A new book called The Confidence Code by Katty Kay and Claire Shipman
says that women are suffering from a lack of confidence and this holds them back in the workplace. In an article in The Atlantic, the authors compare the ability of men to be confident whether or not they are “right,” and their ability to rebound from criticism and failure. Women, on the other hand, are careful, cautious perfectionists who are afraid to speak up in meetings. This, they say, is the reason women are underrepresented in upper levels of management. However, the authors continue, when a woman does display confidence, speaks up, or otherwise acts more like a “man,” she is perceived far less favorably.
The Real Problem is Unconscious Bias
As with many of the gender-related topics we discuss here on the blog, what we are dealing with here is a deep-seated attitude that persists despite all of the advances women have made in the last 60 years. It is far too simplistic to attribute women’s lack of confidence to the discrepancies in the workplace. The evidence they provide is compelling, however, what is the solution? If a woman is left behind if she isn’t confident, but is punished when she is, there does not seem to be a way through. Moreover, it places the onus on the woman to change one more thing about herself in order to succeed. I would argue that the problem isn’t a woman’s confidence or lack thereof. It is an institutional problem and a societal one.
Some believe the best answer to addressing the gender gap is to ignore it. If we simply look at a candidate for their qualifications, for their experience, we should evaluate them on the basis of that and that alone. On the surface, this sounds equitable and responds to criticism that quotas and affirmative action are unfair. However, this philosophy ignores the reality of unconscious bias that still exists today. In unconscious bias, we apply our values and attitudes to decision making processes without realizing it. This is such a broad and societal problem that it will take many steps to overcome it, although companies are beginning to address this issue.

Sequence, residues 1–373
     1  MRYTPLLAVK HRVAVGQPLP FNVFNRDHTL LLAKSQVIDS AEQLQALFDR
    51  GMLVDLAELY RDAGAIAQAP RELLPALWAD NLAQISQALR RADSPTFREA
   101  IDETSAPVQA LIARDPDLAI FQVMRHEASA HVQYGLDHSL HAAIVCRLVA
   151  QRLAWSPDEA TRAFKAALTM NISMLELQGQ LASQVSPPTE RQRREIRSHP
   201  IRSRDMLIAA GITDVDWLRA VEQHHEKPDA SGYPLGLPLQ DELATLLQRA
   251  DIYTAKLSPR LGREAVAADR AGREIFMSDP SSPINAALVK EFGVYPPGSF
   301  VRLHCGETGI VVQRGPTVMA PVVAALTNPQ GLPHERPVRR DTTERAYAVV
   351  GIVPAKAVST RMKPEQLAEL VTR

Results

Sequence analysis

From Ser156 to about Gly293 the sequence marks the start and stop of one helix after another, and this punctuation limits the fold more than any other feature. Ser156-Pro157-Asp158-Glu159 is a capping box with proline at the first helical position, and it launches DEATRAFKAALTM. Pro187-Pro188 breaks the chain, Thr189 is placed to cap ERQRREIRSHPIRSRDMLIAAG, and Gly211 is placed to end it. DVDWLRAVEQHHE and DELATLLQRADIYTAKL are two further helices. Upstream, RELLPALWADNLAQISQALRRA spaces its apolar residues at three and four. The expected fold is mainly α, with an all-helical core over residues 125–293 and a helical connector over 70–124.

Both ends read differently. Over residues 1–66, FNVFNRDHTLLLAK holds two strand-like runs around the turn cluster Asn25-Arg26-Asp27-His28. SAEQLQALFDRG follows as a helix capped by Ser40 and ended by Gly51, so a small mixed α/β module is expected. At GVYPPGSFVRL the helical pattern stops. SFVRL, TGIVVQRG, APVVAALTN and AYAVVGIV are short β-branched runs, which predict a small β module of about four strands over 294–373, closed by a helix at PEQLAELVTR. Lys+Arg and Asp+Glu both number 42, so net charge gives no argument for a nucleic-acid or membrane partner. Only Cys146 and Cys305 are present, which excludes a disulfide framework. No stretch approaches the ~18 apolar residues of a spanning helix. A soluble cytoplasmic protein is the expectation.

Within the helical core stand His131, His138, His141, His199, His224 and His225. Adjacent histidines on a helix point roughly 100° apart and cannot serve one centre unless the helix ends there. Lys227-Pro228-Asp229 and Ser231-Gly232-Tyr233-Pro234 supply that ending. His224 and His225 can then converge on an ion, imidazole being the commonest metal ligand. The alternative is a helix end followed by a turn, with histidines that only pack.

Rather than advising women to be “more like men,” perhaps we should respect the differences between men and women’s professional styles. As much as you need confident extroverts in business, whatever their gender, you also need different managerial styles. Women tend to be more democratic, more cooperative and collaborative, and oriented to enhancing others’ self-worth. In a symposium on “Gender & Work,” Harvard Business School talks about the term “transformational leadership,” a combination of feminine and masculine leadership styles. Transformational leaders are inspirational role models, foster good human relationships, develop the skills of followers, and motivate others to go above and beyond. Women tend, more than men, to be transformational leaders.
Ultimately, the message Kay and Shipman are conveying is true. Women do tend to be less confident than men, and in our culture where confident extroverts are the ideal, this certainly can lead to women being left behind on the career ladder. However, it is one simple aspect of a much more complicated situation. And asking women once again to change themselves, rather than asking society to change, undermines a great deal of the feminist movement.